Rice University is my alma mater (classes of 1992 and 2008). Any old owl who gets repeated dunned by the university knows that Rice has been in a construction orgy. Seriously, just in the past couple of years, Rice has built two new colleges (Duncan and McMurtry--this new class is the largest freshman class in Rice history), a new gym, a new student hangout place, the "Collaborative Research Center" and I don't know what else. And more stuff is on the drawing board. I don't know what the endowment is now post-crash, but in 2007 it was $4.67 billion. And yet they keep asking alums like me for money, and like a sucker I give it to them. (I feel like I am giving charity to rich people whenever I do.) They should spend some of this money on a museum.
(Actually, Rice should first spend its money on many more need-based scholarships and living allowances, as well as spending a big sum on outreach to working class and poor students in the Houston region through mentoring and tutoring, including the construction and operation of K-12 charter schools in HISD and Aldine ISD. But once Rice has done all of those things, it should build an art museum.)
Now Rice has its gallery, where they put up lots of cool installations (like the Wayne White installation that is there now). Some of you may recall that their used to be an institution called the Rice Museum. It was in one of the two metal buildings at the corner of Stockton and University. The story I heard was that when the Menils had a falling out with the University of St. Thomas, they essentially funded Rice's art and art history department, bringing a bunch of professors over, and building these two buildings, one for media (film and photography when I was an undergrad), and one a museum. It was at the Rice Museum that Ed Kienholz had his show on campus, and that's where I met him. Apparently it held some of the Menil's collection, but this was just a holding action until they could build their own museum. Now the old Rice Museum is the Martel Center for Continuing Studies.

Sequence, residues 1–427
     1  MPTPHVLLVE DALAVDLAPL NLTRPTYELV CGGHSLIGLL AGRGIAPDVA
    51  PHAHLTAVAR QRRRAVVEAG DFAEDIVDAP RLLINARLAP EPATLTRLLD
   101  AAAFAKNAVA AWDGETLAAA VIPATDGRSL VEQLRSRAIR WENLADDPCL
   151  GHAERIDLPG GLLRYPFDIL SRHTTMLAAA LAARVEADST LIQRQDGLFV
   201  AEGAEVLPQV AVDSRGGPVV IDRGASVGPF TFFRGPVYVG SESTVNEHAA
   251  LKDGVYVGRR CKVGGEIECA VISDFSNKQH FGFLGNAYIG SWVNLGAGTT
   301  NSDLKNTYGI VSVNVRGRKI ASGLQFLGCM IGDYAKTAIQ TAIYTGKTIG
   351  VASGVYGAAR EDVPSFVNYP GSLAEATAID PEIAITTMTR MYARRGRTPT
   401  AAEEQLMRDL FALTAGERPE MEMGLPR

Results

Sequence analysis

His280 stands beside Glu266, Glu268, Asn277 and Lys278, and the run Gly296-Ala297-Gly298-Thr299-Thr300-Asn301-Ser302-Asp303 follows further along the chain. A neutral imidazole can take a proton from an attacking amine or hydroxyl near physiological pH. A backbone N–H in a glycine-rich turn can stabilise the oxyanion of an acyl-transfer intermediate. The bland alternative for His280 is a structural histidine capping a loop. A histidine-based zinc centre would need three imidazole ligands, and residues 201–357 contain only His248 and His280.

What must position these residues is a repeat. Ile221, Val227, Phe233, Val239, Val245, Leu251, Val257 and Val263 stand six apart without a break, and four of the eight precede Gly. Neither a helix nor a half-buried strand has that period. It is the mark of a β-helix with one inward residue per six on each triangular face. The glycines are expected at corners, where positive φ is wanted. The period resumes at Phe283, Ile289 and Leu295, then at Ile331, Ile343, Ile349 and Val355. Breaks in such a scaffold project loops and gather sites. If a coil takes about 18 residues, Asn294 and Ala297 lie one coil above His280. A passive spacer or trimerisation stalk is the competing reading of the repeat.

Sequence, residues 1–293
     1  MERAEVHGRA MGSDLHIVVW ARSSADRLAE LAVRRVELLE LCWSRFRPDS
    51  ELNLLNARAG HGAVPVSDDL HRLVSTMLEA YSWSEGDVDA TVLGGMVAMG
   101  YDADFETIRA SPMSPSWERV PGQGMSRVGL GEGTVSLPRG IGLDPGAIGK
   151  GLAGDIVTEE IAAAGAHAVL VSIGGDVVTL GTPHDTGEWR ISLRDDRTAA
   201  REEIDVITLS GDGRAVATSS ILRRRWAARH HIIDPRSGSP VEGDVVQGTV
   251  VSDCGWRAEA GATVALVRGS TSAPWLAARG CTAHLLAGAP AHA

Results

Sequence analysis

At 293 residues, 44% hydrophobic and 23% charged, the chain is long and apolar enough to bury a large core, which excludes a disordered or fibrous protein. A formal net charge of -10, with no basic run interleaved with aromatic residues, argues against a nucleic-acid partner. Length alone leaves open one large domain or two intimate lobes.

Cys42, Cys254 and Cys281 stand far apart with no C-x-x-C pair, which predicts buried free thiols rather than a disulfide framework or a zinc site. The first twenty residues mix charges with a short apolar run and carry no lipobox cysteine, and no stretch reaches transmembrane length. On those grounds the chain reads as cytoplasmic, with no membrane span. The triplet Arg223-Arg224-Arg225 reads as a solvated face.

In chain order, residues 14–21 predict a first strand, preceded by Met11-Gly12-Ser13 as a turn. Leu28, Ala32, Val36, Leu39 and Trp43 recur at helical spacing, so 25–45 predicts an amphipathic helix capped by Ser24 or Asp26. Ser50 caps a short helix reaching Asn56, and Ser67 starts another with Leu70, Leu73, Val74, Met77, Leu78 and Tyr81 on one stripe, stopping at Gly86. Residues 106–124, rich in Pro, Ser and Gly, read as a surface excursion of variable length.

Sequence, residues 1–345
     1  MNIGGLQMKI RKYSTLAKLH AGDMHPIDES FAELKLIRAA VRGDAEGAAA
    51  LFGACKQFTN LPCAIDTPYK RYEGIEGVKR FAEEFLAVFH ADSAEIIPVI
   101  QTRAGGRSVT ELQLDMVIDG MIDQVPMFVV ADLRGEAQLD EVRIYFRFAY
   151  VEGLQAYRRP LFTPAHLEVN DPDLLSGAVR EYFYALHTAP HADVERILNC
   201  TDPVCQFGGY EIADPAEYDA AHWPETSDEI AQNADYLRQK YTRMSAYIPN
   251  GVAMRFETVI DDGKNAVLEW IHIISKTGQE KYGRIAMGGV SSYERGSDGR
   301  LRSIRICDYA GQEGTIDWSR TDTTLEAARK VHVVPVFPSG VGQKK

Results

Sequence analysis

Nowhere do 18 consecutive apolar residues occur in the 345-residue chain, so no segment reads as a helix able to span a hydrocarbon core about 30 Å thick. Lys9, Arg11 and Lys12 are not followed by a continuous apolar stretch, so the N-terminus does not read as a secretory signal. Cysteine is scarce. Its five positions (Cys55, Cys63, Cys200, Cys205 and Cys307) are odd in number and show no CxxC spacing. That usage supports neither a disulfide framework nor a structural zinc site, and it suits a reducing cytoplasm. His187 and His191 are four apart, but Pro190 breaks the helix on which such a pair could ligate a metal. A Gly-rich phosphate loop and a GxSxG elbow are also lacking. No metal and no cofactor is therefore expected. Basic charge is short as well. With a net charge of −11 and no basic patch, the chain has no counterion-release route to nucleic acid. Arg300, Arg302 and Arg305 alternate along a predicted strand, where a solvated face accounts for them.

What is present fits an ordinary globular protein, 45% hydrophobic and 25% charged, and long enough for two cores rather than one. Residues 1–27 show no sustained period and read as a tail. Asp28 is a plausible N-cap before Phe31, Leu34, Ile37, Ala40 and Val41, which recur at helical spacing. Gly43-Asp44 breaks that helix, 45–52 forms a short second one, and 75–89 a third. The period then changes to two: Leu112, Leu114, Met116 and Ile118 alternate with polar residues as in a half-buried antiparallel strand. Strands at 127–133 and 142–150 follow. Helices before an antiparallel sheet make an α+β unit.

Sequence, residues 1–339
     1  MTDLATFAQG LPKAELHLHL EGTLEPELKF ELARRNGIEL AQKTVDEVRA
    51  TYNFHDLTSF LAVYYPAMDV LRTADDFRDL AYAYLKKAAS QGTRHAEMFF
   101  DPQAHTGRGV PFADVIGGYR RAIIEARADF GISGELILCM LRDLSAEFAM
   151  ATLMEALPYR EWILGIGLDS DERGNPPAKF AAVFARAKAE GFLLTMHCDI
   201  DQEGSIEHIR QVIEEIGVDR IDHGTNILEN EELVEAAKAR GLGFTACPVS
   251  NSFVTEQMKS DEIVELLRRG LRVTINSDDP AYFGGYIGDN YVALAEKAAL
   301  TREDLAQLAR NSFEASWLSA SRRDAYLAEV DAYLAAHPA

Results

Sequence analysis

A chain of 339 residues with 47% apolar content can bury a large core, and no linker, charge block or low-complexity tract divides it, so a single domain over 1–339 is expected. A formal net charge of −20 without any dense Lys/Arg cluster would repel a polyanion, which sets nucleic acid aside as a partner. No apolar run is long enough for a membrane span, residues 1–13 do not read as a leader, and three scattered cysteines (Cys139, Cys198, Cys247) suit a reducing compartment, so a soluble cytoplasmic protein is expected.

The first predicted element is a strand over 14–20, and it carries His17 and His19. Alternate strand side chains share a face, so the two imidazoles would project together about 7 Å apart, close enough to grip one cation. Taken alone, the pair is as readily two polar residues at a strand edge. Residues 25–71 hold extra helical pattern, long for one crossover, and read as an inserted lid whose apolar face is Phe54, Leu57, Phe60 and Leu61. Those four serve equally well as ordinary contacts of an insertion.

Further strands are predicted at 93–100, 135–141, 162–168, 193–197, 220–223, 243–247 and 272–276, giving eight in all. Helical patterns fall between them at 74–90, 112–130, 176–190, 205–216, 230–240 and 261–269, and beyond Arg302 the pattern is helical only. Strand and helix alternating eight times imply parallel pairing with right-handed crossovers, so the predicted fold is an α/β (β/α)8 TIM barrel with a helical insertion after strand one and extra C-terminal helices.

Rice's museum should not be the whim of some rich person. It needs to be something with the university itself as the prime mover. (Which is not to say that rich alums can't be involved.) It could be built between the Baker Institute and the Shepherd School, closing off that awkward space into a neat quadrangle (where the new James Turrell piece is going). But there are other places on campus where it could reside.
What kind of museum should it be? My first impulse is that it should not be devoted to contemporary art. Not because I have anything against contemporary art (obviously), but Houston already has a lot of venues for contemporary art (CAMH, Lawndale, Diverse Works, the Station Museum, Project Row Houses, Box 13, many commercial galleries, etc.). That said, none of these institutions is collecting contemporary art. So perhaps that could be the function of the Rice Museum. (I assume that the MFAH is collecting some contemporary art as well, but obviously that is not its primary function.) Or it could pick some very specific art--regional art, art from a particular period or in a particular style or of a particular type of artist. Like a museum of Texas art. A museum of 19th century American art. A museum of naive or "outsider" art. A museum of comics art (obviously this one would appeal to me a lot). Whatever Rice chooses, it should be something that isn't well-covered by already existing Houston museums and institutions.
Any thoughts out there about a Rice Museum?